Is There Really Such Thing as an Undecided Voter?

Republican presidential candidate, former Massachusetts Gov. Mitt Romney and President Barack Obama walks past each other on
Republican presidential candidate, former Massachusetts Gov. Mitt Romney and President Barack Obama walks past each other on stage at the end of the last debate at Lynn University, Monday, Oct. 22, 2012, in Boca Raton, Fla. (AP Photo/Pablo Martinez Monsivais)

Does the Undecided Voter Deserve So Much of the Candidates' Attention/Resources?

Is it truly possible to be undecided? Is it possible that the Undecided Voter has unconsciously already made up her or his mind, and is merely looking for a logical reason to justify it?

Unless you live in a world without television, newspapers, the internet, and are hermitically sealed from civilization, then there is a high probability that you know that the campaign for president is drawing to a close. With the election expected to be close, and an electorate that is virtually evenly polarized, the handful of undecided holdouts has garnered a tremendous amount of attention. Millions of dollars have been spent for the purposes of winning over this legion of undecided voters. The television networks covering the presidential debates even formulated groups of undecided voters as a litmus test for the candidates' various sound bites.

Yet, is it truly possible to be undecided? There is enough evidence to suggest that decisions are often initiated at an unconscious level, and somewhat later materialize into conscious choices and behavior. In fact, it is quite common for unconscious emotional forces to drive conscious decisions and behavior. There is further evidence to suggest how the unconscious decision process can be influenced by factors outside of consciousness. When these unconscious preferences are formulated, the conscious mind will typically look for logical reasons to justify these emotional choices. It was United States Supreme Court justice William Douglas who stated "At the constitutional level where we work, ninety percent of any decision is emotional. The rational part of us supplies the reasons for supporting our predilections."

What I have learned in my use of hypnosis and decision making over the last 30 years, is that people's unconscious decisions often gravitate to what is familiar, since familiarity is what is comfortable and safe. Conversely, what is not familiar is experienced as uncomfortable and unsafe. Typically our upbringing and early experiences are the basis of what is deemed as unconsciously familiar and safe. But keep in mind that safety is much more a function of familiarity than it is about being physically safe. For example, there can be a sense of safety in feeling miserable merely because it is what someone has always known. Remember, the unconscious is emotional and not logical. It is no surprise that our political candidates rely considerably on campaign slogans that are steeped in fear for the purposes of manipulating the unconscious chemistry related to safety and comfort.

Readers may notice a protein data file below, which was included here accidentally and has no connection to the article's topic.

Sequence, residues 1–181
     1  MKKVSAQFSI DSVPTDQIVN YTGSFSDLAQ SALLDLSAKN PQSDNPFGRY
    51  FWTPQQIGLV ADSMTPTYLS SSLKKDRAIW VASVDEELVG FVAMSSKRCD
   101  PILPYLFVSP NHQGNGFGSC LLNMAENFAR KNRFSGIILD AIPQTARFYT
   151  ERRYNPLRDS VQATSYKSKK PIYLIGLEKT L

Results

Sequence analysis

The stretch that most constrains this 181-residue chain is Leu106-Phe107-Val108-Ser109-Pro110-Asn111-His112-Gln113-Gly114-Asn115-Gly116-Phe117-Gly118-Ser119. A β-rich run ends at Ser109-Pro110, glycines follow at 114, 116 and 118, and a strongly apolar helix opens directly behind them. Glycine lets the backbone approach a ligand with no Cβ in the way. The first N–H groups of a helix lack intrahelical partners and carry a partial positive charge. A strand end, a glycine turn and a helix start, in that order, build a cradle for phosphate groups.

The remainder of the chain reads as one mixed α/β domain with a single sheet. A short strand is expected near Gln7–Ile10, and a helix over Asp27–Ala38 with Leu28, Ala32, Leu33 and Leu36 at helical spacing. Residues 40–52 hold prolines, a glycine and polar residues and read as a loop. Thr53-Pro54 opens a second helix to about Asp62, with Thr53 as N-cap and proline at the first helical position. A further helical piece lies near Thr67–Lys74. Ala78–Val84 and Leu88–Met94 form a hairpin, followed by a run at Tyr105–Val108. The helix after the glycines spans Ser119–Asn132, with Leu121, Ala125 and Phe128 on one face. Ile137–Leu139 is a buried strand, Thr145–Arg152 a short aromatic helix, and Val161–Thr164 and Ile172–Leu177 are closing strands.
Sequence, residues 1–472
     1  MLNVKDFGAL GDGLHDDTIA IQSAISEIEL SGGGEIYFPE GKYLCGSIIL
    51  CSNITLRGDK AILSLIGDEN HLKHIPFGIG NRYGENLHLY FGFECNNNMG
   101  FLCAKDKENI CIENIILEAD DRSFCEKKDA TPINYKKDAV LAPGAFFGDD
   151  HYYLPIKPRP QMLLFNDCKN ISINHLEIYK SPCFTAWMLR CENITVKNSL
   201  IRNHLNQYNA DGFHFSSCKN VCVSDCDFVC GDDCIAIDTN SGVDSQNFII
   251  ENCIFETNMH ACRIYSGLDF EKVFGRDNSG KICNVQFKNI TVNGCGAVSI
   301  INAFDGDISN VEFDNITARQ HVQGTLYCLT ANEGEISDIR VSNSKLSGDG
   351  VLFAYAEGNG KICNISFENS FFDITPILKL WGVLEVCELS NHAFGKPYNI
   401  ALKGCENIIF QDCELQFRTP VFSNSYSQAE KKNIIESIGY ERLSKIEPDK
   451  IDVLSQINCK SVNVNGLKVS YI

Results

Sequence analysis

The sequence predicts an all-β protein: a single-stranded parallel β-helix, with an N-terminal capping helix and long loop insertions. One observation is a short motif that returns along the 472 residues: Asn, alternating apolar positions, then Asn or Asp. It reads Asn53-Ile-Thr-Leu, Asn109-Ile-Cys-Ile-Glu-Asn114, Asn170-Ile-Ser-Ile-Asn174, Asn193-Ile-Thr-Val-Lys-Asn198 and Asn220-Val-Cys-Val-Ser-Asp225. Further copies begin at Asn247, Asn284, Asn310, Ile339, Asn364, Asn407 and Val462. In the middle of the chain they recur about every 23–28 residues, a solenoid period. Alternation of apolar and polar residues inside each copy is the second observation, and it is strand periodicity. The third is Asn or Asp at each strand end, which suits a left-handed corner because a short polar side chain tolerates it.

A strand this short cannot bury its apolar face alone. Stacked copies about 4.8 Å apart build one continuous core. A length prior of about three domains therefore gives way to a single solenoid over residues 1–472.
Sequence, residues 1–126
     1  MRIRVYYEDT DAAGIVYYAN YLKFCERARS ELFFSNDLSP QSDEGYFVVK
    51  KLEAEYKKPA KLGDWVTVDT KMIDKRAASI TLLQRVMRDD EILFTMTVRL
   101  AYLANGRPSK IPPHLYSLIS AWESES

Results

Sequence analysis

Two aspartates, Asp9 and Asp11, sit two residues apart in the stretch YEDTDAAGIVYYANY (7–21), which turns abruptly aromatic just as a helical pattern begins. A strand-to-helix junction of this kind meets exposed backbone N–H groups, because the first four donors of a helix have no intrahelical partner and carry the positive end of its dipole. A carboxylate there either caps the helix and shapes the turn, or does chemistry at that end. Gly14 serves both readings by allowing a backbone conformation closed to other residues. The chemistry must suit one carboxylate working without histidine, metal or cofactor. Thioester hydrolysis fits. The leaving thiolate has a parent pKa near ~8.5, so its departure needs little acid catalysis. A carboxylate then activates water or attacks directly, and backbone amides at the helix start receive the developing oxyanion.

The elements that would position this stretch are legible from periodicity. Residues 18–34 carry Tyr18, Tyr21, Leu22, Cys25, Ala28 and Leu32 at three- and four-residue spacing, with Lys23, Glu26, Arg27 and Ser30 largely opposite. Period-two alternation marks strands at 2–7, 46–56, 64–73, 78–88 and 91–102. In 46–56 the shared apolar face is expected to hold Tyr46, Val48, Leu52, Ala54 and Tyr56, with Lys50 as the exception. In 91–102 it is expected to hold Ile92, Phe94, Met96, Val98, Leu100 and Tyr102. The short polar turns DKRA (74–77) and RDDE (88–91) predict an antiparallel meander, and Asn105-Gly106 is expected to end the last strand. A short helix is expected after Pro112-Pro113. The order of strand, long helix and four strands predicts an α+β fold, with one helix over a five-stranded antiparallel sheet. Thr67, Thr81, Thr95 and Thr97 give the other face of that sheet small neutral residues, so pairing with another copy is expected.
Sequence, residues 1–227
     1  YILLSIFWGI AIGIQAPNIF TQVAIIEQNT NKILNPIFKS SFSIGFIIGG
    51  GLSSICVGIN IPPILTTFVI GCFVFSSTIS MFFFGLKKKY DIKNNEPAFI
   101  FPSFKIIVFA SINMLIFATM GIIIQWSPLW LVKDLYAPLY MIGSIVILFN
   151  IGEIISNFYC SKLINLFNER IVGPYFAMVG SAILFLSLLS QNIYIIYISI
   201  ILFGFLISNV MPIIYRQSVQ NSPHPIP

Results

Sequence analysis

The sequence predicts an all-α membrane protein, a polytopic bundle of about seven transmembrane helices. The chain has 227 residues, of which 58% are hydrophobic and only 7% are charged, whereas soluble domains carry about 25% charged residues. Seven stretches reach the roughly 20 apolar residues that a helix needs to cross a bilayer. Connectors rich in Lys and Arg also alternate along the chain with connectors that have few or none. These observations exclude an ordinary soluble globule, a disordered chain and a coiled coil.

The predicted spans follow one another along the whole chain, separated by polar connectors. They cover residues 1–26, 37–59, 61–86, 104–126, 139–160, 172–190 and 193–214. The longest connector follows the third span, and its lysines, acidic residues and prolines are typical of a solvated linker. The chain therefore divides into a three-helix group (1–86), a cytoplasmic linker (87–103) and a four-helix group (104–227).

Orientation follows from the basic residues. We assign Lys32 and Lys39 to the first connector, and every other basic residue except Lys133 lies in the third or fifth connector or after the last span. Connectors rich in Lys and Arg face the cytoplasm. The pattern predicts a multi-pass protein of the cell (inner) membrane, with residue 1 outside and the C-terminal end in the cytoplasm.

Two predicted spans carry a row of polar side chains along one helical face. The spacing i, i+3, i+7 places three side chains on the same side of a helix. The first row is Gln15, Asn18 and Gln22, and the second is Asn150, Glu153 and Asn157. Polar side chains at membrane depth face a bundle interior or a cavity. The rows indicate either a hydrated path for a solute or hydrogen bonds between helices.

Yet comfort and familiarity are not the ingredients that typically produce healthy conscious decisions. Instead, a reliance on comfort and safety as a foundation for decision making will more often reinforce the status quo and interfere with change and innovation. Yet it is very difficult to resist the unconscious yearnings for familiarity and safety.

So can the ensemble of undecided voters truly pry themselves away from the unconscious mind's reliance on familiarity and safety? To do so will depend on their ability to manage the dissonance or discomfort that is generated by going against the grain of what's familiar. This is not an easy task, for we are instinctually driven to perceive discomfort and dissonance as a threat, and to avoid it at all costs, and to make choices that are aligned with safety. Sadly, the undecided voters that are not prepared to manage this dissonance may find themselves invariably falling victim to what has historically been familiar for them as well.